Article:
Over the past decades, the pronounced increase of international migration has led
many nations to confront themselves with the pressing issue of how to ameliorate
and make more harmonious the engagement among people with different cultural
backgrounds. The present thesis enters this debate focusing on the mutual relations between Italians and Moroccan immigrants living in Turin (North-West Italy). By means of this case study, this research demonstrates that the support and valorisation of cultural diversity do not damage social cohesion, as some scholars believe, but rather they may contribute to positive intergroup relations if they are well balanced by the adaptation of immigrants to the host country’s culture and by the development of a sense of belonging with the new country.
In order to test my assumption I analyzed the impact of a preference for the
integration strategy of acculturation (rather than assimilation or segregation) and the extent to which Moroccans and Italians share this preference. These analyses build on the distinction between acculturation in the public and in the private domain and between the concepts of culture and identity.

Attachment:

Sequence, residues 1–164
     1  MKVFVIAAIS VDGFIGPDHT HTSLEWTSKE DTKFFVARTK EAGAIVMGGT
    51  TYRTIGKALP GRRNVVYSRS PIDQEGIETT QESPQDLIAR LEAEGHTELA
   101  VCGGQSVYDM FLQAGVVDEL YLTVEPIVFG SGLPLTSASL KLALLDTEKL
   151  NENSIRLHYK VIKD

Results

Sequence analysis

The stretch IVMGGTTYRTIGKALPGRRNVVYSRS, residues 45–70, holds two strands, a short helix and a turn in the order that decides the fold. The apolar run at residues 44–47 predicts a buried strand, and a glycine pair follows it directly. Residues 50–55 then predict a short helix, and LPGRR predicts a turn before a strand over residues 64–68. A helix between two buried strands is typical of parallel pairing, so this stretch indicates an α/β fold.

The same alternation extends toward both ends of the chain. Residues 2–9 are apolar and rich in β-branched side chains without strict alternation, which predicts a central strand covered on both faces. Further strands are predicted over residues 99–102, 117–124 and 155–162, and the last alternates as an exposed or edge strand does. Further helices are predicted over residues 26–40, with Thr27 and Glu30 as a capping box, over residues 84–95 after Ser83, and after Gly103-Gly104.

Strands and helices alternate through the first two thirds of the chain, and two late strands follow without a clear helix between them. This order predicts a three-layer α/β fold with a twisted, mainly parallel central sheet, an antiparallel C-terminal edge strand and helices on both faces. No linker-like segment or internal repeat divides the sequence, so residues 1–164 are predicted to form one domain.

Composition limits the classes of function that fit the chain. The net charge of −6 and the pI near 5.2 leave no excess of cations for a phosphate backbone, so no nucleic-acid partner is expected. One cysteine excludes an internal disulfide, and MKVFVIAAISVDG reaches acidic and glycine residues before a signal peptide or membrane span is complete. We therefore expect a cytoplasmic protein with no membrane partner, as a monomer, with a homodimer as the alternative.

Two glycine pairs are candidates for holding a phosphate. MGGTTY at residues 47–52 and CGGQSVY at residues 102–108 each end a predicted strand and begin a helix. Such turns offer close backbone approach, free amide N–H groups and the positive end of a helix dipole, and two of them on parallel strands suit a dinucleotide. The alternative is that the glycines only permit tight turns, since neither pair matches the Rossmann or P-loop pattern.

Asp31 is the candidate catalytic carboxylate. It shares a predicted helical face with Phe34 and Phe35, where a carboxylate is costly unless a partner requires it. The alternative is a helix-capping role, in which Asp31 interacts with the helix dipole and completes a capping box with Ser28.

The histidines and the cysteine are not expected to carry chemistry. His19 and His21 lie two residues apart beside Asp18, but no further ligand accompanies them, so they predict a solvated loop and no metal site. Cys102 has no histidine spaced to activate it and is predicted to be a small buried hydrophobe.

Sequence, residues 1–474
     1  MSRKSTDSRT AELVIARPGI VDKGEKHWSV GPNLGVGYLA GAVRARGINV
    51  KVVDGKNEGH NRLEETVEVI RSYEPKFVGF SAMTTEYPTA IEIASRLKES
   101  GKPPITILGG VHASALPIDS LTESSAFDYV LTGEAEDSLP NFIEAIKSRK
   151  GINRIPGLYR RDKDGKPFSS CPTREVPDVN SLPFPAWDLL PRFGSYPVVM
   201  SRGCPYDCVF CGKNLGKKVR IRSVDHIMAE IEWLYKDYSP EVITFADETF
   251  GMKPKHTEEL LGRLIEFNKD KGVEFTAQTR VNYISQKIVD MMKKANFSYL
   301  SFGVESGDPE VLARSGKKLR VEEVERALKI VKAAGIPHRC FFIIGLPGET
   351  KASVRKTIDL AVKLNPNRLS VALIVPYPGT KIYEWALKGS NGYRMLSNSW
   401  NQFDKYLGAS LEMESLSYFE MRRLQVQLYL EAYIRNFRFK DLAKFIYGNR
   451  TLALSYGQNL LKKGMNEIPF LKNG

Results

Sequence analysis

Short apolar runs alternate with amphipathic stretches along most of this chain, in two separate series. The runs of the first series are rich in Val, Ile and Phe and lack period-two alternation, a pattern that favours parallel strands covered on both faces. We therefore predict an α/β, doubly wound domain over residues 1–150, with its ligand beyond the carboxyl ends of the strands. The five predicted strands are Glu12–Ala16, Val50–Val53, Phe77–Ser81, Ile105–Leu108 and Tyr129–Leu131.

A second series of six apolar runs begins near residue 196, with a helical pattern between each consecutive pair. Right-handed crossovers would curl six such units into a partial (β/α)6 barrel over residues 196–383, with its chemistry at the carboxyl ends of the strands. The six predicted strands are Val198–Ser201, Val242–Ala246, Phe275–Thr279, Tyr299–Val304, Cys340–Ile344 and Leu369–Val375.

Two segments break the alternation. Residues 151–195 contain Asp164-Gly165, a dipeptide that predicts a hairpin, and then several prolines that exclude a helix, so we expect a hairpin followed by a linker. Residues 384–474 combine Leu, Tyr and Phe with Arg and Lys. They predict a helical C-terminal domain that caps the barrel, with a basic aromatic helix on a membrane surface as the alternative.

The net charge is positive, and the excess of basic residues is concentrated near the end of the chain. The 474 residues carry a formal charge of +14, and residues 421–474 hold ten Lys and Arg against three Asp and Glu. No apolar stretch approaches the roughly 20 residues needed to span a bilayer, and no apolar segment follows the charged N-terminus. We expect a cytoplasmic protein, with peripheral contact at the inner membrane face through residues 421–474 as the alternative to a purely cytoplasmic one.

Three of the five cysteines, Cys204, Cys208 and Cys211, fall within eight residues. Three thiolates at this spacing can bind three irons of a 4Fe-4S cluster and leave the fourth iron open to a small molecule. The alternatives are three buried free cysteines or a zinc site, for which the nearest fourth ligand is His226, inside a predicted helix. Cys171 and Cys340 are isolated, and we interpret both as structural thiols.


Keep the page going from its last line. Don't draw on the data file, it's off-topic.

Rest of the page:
A total of 281 respondents, of whom 136 were Moroccans and 145 Italians,
participated in a questionnaire study. Both groups clearly expressed their preference for the integration strategy in the public and in the private domain, and for a dual identity, where migrants identified with both their own ethnic group and with Italy. In addition, these findings revealed that both acculturation strategies and identity patterns were predictive of intergroup relations, with the latter having the strongest impact.
These findings were deepened through qualitative interviews, which aimed to
explore whether for the specific context of this study the conditions were such that
the dual identity could realistically develop. Results indicated that while culture
diversity is encouraged and supported, Moroccans still experience a degree of
discrimination. Such situation delineates a reality characterised by a ‘segmented
pluralism’, that is, a reality where the recognition of cultural and ethnic differences
coexist with the persistence of structural inequalities.
|Date of Award||31 Jul 2012|
|Supervisor||Jacqueline Andall (Supervisor)|
- ethnic relations